Long before the sun’s rays had licked the face of the mountain, cars dotted every available parking spot and roadside niche. The line to the bathroom snaked to the highway, and the lycra-clad crowds mingled like those at an amusement park.
We were no different.
My brother, our spouses and young daughters wanted to climb to the top of Mt. Bierstadt, one of Colorado’s famous, and relatively accessible, 14,000-foot peaks (known to outdoor enthusiasts as 14ers). So we joined the endless line of people leapfrogging each other up the mountainside.
Somewhere between my 9-month old starting to cry and a group decision to turn around, I asked myself why, exactly, were we on this particular trail. Why did we decide to join hundreds of our closest strangers to the get to the top? Why didn’t we go somewhere else?
The answer is nuanced like most, but if I was being truly honest with myself, it came down partially to a desire for the picture.
And I’m sure I wasn’t the only one.
Social media, and photo sharing sites like Instagram in particular, are exponentially increasing the number of people at some of the world’s most famous outdoor sites – a kind of photo trophy hunt, if you will. Over-visitation is becoming enough of a problem it’s forcing some places to build additional accommodations and inspiring photographers to refuse to disclose locations of particularly stunning shots.
But what if instead of shutting down your Instagram account and returning to your inner Luddite, you use your desire to share as a way to inspire people to explore the un-explored, both near and far?
Let me explain.
Each year another story or example emerges of how smart phones and a wave of social media postings are changing how people interact with the outdoors.
Officials with Yellowstone National Park, after receiving more than 4 million visitors in 2015, decided to try and combat it directly by creating the Yellowstone Pledge. It asks people, among other things, to “practice safe selfies by never approaching animals to take a picture” and to “stay on boardwalks in thermal areas.”
Visitors “want that perfect picture, so they’re driven to get closer and closer to the point they’re risking their own safety,” a park spokesperson told the Associated Press last year.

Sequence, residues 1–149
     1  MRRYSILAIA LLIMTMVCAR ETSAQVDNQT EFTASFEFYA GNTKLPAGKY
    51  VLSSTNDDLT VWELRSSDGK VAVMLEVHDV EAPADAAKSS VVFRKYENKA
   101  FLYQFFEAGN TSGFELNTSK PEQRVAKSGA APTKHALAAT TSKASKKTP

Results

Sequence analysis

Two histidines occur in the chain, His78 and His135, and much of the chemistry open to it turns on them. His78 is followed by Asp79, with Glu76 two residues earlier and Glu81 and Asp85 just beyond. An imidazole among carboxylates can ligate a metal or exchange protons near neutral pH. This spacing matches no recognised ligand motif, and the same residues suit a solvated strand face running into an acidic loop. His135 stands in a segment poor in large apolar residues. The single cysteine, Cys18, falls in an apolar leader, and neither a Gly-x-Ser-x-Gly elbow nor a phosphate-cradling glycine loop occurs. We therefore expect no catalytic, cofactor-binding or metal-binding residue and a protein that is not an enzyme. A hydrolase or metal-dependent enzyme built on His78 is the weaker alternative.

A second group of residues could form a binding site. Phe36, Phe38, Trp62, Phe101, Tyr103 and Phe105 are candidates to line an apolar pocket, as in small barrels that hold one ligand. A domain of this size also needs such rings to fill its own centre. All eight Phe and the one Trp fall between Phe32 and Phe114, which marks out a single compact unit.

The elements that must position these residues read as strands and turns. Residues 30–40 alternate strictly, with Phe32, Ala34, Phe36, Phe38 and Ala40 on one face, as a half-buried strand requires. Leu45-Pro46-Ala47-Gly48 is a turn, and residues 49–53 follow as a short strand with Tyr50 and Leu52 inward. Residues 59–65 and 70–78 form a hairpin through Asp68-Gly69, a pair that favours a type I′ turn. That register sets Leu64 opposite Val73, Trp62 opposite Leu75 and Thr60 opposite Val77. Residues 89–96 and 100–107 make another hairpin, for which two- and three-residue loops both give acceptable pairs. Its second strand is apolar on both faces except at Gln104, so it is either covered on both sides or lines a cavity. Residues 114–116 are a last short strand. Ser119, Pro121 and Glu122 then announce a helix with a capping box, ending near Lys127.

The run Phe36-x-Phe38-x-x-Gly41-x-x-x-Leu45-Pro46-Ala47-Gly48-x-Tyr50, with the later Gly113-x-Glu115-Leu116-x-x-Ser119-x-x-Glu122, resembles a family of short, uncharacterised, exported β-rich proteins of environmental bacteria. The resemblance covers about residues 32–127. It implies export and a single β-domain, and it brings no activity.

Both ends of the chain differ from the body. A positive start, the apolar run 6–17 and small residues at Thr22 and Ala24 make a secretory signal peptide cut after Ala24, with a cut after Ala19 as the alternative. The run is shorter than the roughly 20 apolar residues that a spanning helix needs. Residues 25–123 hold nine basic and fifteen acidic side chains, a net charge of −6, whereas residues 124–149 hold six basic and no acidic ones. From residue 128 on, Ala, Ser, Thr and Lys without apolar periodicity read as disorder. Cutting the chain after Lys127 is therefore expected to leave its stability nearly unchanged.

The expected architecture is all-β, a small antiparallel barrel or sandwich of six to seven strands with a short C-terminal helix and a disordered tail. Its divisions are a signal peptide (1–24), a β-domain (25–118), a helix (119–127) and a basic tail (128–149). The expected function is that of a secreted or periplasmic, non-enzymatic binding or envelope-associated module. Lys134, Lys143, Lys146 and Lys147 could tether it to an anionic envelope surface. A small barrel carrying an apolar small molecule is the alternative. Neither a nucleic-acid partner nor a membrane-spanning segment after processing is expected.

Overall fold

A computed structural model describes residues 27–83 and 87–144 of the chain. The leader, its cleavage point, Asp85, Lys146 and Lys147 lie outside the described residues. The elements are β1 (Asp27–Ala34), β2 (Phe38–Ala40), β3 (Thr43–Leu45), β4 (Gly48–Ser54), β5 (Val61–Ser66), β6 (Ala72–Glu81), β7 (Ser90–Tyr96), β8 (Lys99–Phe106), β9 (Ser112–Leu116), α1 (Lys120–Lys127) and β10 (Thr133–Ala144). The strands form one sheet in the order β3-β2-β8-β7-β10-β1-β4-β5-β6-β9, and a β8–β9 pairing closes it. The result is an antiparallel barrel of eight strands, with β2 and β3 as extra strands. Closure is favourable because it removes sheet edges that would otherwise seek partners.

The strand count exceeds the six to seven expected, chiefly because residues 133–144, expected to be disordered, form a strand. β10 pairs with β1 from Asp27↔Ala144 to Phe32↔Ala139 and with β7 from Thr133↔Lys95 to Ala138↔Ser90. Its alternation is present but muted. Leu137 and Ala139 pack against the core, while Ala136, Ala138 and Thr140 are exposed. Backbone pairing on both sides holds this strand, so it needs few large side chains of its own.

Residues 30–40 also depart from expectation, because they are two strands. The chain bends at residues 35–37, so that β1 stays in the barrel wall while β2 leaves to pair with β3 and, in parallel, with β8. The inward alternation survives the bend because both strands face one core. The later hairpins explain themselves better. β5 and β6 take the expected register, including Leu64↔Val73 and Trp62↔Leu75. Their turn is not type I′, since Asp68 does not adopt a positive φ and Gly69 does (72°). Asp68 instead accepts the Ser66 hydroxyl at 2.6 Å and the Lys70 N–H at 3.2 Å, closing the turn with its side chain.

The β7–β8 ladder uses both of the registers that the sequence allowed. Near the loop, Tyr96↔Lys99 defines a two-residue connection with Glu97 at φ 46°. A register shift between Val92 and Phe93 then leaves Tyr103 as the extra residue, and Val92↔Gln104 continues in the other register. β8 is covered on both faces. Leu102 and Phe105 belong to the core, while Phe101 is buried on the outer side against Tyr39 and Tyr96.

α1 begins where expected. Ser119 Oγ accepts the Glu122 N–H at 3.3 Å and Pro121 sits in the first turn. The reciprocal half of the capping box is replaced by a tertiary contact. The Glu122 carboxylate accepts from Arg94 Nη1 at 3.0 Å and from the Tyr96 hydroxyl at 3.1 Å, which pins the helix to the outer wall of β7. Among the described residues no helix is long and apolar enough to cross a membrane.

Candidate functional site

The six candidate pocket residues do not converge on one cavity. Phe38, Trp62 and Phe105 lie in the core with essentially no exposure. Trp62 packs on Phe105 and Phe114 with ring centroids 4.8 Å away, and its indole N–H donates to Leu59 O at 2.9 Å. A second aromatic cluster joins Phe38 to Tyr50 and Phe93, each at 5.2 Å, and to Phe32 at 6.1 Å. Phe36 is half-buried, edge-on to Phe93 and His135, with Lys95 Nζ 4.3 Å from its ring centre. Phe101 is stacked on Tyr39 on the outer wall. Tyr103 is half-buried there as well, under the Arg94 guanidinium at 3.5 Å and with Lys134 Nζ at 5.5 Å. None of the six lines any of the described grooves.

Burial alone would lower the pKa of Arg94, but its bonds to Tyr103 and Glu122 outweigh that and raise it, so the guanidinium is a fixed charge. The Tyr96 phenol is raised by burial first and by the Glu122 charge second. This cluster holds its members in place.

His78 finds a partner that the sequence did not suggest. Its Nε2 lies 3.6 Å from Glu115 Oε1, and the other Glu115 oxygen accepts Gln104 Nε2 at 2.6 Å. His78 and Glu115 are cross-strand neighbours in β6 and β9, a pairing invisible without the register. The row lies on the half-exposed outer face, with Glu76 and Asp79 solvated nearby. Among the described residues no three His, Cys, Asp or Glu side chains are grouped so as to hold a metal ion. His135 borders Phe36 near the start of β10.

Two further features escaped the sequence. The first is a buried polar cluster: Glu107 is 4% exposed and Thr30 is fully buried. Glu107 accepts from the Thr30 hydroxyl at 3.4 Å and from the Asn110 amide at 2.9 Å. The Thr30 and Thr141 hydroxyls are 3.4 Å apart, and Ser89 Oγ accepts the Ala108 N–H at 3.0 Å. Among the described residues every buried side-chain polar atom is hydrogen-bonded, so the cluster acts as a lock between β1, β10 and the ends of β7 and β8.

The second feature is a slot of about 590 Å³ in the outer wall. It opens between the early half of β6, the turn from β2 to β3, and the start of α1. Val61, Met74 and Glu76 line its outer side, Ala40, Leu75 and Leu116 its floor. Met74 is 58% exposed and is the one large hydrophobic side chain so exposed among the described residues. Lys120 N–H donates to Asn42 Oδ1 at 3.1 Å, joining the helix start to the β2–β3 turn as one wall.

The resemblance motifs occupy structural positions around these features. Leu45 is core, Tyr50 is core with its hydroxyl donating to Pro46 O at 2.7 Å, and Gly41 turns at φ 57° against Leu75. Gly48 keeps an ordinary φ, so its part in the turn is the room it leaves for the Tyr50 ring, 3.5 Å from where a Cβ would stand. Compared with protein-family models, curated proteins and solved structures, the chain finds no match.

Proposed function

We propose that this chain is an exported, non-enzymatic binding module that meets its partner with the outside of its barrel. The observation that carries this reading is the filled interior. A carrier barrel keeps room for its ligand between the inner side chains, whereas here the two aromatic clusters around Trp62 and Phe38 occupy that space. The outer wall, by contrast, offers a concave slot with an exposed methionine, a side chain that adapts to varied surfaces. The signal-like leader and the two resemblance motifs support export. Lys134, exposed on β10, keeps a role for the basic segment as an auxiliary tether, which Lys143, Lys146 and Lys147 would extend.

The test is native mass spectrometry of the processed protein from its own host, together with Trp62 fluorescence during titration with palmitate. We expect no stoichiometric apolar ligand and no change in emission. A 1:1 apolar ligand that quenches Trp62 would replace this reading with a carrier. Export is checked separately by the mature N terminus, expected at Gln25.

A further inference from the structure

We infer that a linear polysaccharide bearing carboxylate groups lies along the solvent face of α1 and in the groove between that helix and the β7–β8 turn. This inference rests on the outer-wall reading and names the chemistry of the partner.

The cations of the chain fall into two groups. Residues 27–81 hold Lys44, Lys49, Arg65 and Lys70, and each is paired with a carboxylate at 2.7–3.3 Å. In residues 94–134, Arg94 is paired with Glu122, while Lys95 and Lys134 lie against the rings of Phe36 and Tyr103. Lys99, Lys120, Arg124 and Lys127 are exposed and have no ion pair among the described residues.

A groups of Canadians were banned from federal lands for five years in 2017 after they walked on the Grand Prismatic Spring. The year before, a man from Oregon died after leaving the boardwalk and falling into an acidic thermal pool.
And the trophy-hunting photo craze isn’t limited to the U.S.
National Geographic Traveler wrote in 2017 about the surge in tourism to Trolltunga, a cliff on a mountain in Norway.
“Between 2009 and 2014, visitors to Trolltunga increased from 500 to 4,000 in what many consider a wave of social media-fueled tourism,” the story read.
The iconic image captured from the spot shows a person alone in the world – carefully editing out the string of people waiting for the same “unique photo” (or stories of the ones who tried to capture the photo and fell to their deaths).
Not only could some special places benefit from a reprieve from visitors, most of us would agree it’s nicer to be where there aren’t hundreds (or thousands) of strangers.
The answer isn’t to simply stay indoors, though, or not share an image of your beautiful mountain top or desert stream.
Some popular outdoor Instagrammers simply won’t disclose the location of their photos even when asked. They instead encourage viewers to open up maps and start scanning for their own special places.
And maybe they’re onto something. Instead of using social media to fuel your desire to see that very location, use it as inspiration to find your own unique spot.
Use it to remind people they don’t need to spend hours with thousands of others just to try and capture that perfect outdoor image of no one.
Going somewhere less traveled was the call we ended up making last summer on the face of Mt. Bierstadt. It wasn’t because we came to the collective epiphany that jostling crowds wasn’t how we wanted to spend our Saturday morning in the wild. The babies made the decision. Tears streaming down their faces because of cold, hunger and who knows what else, we turned around and fought against the flow of humans back to the bottom.
Instead of leaving after a snack and diaper change, we headed the opposite direction, to a nearby 13er. We saw only a handful of people, and didn’t make it to the top. But the trip was perhaps more memorable than it would have been otherwise, and the lack of crowds meant we could actually have the experience we imagined when we’d originally thought of Bierstadt.
None of this means you should stay away from popular places like the Himalayas, the Grand Canyon or the Galapagos.
It is just a reminder to think of some of the spots less traveled, the ones that aren’t already Instagram-famous.
Show your followers how the snow looks on the back of two horses you pass on your weekend jog. Take pictures of those spring wildflowers that sprouted near the path on your evening walk.
Share images of your kid playing in the field near your house or your dog splashing in a creek.
Open a map with your friends or family and drive somewhere new and unexplored for the weekend, then show people what you found.
Share the little moments, the quiet moments, the ones we all experience and often take for granted. Ultimately it may inspire someone else to check out the national forest or state park nearest them that they often overlook. It will also remind you of the beauty of nature that’s so much closer than you think. And in the process, it could help protect those places with international renown and those ones of equal importance that are right out your back door.